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      Renal in situ Hybridization Studies of Extracellular Matrix Related Molecules in Type 1 Diabetes mellitus

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          Abstract

          Background/Aim: Progressive expansion of mesangial matrix and glomerular basement membrane thickening represent alterations in the balance between synthesis and degradation of glomerular extracellular matrix (ECM) protein and are hallmarks of diabetic nephropathy. In order to elucidate the basis for this imbalance between the synthesis and the degradation of ECM in renal tissues from patients of type 1 diabetes mellitus (type 1D) with diabetic nephropathy (DN), we examined the expression of α1 chain of type IV collagen (IV-C), matrix metalloproteinase-2 and -3 (MMP-2, MMP-3), tissue inhibitor of metalloproteinase-1 (TIMP-1) and β-actin mRNA using a high-resolution in situ hybridization with digoxigenin-labeled oligonucleotide. Methods: Patients were divided into two groups based on both of degree of mesangial expansion using electron microscopic point counting morphometric methods and duration of type 1D: 7 ‘fast-track’ patients were selected for their very rapid development of DN structural changes and 8 ‘slow-track’ patients for their very slow development of DN structural changes. Seven normal human kidney (NHK) tissues were used as controls. Results: Positive cells for each mRNA were observed in glomerular resident cells, including glomerular mesangial, epithelial and endothelial cells and cells of Bowman’s capsule. The percentage of glomerular cells positive for IV-C, MMP-2 and MMP-3 mRNA was significantly greater in the ‘slow-track’ vs. ‘fast-track’ patients. No significant differences in percentage positive cells was seen for β-actin mRNA. Furthermore, to elucidate the total number of positive cells per glomerulus for each mRNA, we estimated total cell number of glomerulus using morphometric techniques on light microscopy tissues. The total cell number per glomerulus was significantly greater in ‘fast-track’ than that in ‘slow-track’ patients and NHK. The total number of positive cells per glomerulus for MMP-2 in NHK was significantly greater than that in ‘slow-track’ and ‘fast-track’ patients. Conclusion: Thus, IV-C, MMP-2, MMP-3 and TIMP-1 mRNA are expressed in resident glomerular cells in renal tissues from NHK and type 1D. Glomerular alterations in these in situ mRNA expressions sufficient to explain ECM accumulation and DN risk were not uncovered. These largely negative results could be due to methodologic quantitative imprecision or could indicate that post-translational differences account for ECM imbalance in DN. However, these studies make it clear that unraveling the nature of the ECM production/removal imbalance in DN will require careful consideration of alterations in glomerular cell number.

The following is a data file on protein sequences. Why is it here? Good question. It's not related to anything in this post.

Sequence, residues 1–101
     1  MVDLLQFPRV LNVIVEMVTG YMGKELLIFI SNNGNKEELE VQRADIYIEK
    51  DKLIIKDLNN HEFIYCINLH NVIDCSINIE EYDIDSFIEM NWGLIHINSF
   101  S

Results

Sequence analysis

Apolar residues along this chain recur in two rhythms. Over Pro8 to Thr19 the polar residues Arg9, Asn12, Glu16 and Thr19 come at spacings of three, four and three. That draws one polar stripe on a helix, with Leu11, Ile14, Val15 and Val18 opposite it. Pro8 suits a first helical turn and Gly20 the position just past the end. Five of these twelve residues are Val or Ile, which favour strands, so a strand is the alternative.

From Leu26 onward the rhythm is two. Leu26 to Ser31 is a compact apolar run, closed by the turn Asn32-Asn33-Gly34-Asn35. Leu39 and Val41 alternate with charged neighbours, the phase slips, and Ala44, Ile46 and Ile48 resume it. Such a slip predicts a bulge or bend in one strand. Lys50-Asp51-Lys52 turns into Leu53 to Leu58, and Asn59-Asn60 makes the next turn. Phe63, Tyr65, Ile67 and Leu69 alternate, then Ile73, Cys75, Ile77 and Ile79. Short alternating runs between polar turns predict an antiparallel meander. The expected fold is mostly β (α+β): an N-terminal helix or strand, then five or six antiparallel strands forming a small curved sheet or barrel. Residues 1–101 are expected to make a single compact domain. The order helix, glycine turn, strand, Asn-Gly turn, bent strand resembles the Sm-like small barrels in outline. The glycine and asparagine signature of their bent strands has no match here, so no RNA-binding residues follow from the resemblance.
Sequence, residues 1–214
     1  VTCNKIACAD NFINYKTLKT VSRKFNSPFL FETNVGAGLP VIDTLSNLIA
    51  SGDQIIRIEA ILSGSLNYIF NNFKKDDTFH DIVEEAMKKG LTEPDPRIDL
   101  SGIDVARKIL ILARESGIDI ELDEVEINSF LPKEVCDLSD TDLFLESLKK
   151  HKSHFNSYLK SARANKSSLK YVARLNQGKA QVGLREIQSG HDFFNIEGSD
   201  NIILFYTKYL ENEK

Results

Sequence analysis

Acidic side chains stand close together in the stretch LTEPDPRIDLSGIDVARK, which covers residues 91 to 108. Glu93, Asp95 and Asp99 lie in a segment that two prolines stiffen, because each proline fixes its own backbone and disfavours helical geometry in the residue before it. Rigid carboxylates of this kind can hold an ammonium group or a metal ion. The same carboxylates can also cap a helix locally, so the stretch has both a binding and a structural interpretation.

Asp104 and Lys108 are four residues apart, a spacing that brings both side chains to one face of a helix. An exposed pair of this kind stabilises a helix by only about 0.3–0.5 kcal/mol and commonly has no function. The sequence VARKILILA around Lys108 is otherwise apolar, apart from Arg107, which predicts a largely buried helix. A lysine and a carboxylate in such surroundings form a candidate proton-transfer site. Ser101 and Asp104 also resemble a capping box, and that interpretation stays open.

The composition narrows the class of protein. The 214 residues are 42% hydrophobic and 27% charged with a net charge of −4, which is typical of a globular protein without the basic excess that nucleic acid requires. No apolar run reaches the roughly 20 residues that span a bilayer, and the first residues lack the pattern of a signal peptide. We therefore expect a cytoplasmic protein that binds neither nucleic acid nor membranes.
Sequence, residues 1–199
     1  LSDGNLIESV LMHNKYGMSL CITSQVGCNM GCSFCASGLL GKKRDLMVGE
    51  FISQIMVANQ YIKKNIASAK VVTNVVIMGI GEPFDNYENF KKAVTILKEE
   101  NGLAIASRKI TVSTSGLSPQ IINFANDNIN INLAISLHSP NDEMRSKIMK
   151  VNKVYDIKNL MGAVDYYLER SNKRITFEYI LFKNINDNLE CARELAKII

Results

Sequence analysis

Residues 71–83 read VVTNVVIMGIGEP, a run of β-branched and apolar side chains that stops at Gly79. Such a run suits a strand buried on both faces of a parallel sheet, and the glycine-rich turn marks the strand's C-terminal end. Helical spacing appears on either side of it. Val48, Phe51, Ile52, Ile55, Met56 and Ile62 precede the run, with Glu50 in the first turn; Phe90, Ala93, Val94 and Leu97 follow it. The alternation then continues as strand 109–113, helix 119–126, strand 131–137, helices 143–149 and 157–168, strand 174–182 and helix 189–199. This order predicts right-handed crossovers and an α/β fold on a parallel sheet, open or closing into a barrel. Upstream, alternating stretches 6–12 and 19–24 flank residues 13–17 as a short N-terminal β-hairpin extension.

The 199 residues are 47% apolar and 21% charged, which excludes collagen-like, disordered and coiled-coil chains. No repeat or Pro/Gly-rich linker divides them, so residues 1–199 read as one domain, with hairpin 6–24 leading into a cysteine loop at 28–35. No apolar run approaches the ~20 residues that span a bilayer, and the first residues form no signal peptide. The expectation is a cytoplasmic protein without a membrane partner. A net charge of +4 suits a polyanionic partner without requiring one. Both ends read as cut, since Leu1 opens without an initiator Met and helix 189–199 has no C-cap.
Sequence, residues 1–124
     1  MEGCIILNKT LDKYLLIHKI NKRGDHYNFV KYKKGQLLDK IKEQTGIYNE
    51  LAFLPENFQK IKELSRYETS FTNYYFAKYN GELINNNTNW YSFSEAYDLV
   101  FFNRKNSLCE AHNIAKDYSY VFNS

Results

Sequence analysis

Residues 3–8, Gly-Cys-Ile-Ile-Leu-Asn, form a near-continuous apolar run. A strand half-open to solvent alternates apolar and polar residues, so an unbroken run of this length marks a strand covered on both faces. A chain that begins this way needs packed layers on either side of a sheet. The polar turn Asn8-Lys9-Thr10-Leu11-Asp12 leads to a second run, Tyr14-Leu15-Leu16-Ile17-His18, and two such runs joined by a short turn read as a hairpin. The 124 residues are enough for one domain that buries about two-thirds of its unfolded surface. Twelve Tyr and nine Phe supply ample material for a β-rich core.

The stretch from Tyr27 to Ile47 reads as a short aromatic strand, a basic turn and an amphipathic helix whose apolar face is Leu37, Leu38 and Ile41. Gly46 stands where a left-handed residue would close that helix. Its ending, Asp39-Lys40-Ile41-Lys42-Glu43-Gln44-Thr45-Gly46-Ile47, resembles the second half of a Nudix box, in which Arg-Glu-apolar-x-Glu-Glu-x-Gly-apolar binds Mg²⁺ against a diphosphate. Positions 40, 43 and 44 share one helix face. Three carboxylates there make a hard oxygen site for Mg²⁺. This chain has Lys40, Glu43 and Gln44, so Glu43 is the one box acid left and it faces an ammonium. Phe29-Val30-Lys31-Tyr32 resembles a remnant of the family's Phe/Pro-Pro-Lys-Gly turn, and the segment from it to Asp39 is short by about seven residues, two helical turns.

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          Metalloproteinases and their inhibitors in matrix remodeling.